Re: Notting Hill Carnival. Pass, again. I wasn’t aware of the problem.

    Re: pay for women. When I say women should have the right to equal pay, I’m thinking in terms of remuneration per unit of labour. Measuring ‘commitment’ and ‘competition’ is a tougher call. But then I find myself asking why competition is seen as such an admirable quality. Or whether a life committed to increasing Coca-Cola’s sales figures (say) is worth the extra money our culture seems to think it merits, or even worth the living.

    Re: the fifty dead, and the Islamonazis. I share all your concerns/despair/disgust at the rabid end of Islam. I really do. But I think you’ve contradicted yourself here. You can’t complain about the state picking on people for ethnic criticism unless you also complain about picking on people who voice fundamentalist islamic views.

    Personally, I’d stick with full freedom of speech, and keep the Islamic clerics here where we can keep an eye on them. In fact I’d insist as a precondition of their residence in the UK that they attend compulsory ‘doctrinal colleges’ (preferably lasting many weeks) where they’re forced to argue their case rationally with leading Jewish, Christian, Hindu, and Buddhist clerics.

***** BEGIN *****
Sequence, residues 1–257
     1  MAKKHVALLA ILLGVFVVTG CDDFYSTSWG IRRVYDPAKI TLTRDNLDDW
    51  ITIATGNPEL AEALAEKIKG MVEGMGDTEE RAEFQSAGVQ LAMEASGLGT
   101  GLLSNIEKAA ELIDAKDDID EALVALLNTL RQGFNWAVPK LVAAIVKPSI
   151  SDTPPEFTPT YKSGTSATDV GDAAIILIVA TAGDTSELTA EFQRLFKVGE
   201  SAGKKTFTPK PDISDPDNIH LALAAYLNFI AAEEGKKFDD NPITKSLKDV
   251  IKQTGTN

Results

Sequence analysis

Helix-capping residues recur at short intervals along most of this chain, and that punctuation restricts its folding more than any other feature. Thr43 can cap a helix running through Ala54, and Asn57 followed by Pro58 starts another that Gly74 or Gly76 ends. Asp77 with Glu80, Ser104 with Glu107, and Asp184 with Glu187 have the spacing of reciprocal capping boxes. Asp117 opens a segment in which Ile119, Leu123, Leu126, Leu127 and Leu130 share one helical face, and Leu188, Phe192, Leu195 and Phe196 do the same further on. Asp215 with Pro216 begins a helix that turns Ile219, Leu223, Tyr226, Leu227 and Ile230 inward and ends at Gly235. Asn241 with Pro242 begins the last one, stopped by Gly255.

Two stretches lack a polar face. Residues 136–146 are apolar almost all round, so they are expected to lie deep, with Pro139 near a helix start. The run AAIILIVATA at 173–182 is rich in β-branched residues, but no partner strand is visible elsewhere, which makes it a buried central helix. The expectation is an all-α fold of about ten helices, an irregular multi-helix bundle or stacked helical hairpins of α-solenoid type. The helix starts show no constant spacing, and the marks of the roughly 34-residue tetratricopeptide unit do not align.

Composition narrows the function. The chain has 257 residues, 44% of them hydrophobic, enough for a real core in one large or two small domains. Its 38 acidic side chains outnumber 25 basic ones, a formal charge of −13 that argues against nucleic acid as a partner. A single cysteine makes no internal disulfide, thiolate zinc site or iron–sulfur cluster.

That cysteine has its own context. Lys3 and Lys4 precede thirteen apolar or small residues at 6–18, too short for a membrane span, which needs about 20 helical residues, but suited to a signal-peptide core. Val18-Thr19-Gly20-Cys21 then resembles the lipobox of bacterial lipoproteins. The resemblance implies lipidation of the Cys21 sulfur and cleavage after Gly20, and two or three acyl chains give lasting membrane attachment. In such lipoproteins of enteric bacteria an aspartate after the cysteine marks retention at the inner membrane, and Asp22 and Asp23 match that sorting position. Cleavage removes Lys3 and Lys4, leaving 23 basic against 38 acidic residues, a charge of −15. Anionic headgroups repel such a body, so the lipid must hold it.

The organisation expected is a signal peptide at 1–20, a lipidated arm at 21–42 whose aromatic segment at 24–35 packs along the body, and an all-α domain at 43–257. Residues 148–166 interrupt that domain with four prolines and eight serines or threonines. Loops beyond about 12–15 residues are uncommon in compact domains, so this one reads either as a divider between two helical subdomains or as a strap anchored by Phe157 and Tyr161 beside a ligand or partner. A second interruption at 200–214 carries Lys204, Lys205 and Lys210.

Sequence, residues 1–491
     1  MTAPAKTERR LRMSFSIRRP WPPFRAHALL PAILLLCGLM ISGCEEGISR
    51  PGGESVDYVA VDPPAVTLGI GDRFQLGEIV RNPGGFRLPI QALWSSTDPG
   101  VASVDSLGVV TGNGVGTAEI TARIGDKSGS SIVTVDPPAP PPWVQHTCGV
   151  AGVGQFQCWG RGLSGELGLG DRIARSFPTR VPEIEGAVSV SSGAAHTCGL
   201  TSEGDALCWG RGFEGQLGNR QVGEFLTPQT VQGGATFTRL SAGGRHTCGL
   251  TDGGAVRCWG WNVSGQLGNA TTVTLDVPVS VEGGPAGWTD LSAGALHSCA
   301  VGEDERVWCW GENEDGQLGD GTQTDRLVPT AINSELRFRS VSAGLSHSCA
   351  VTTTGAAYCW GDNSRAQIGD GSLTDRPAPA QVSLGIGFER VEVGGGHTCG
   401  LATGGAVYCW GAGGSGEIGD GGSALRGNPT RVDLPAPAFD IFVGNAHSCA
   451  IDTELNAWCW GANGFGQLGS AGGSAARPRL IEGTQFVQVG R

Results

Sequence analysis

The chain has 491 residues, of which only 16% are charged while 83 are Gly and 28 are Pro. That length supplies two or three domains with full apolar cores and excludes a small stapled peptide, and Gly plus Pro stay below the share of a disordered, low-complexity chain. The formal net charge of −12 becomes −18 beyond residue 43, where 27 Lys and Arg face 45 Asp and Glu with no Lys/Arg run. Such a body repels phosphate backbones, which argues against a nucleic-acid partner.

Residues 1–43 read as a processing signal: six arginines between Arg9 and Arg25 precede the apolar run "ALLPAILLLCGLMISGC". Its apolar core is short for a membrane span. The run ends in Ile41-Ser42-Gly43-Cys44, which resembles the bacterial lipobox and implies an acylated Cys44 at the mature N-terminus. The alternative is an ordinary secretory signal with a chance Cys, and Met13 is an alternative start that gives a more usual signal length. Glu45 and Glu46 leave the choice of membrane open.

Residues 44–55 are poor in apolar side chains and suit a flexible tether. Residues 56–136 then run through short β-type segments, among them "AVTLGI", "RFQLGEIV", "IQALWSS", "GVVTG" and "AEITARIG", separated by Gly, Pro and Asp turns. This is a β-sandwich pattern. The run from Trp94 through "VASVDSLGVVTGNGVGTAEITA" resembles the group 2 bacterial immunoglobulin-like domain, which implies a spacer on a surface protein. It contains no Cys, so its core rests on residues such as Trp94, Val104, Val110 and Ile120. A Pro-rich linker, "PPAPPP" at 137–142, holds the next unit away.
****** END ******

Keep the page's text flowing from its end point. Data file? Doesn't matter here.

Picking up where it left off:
Something of a mish-mash of responses there. Hope you’ll forgive me for not constructing a coherent argument. The thing that always makes me see red in an argument is a catchall phrase like ‘left-liberal establishment’. It suggests order and control where there is none.

  56. Try and talk it out? Rationalised debate with other religious leaders? What? Talk it over? It would simply state the case for extradition even more strongly.

    We CANNOT be tolerant of this nonsense situation, and we must not be reasonable. We are in a totally UNreasonable scenario. We are being hounded and silenced and scared and murdered by people who come here with HATE in their veins.
    Make that reasonable.
    To tackle an unreasonable scenario we do not take the “moral” highground. Forgive me, not even that, I mean the politically correct ground. We must take action.

    It is such a similar thing to burglary. You must use reasonable force. When a stranger breaks into your home, invades your property, your four year old daughter is asleep upstairs, he thinks he can rob and assault you. Totally UNreasonable. Act accordingly.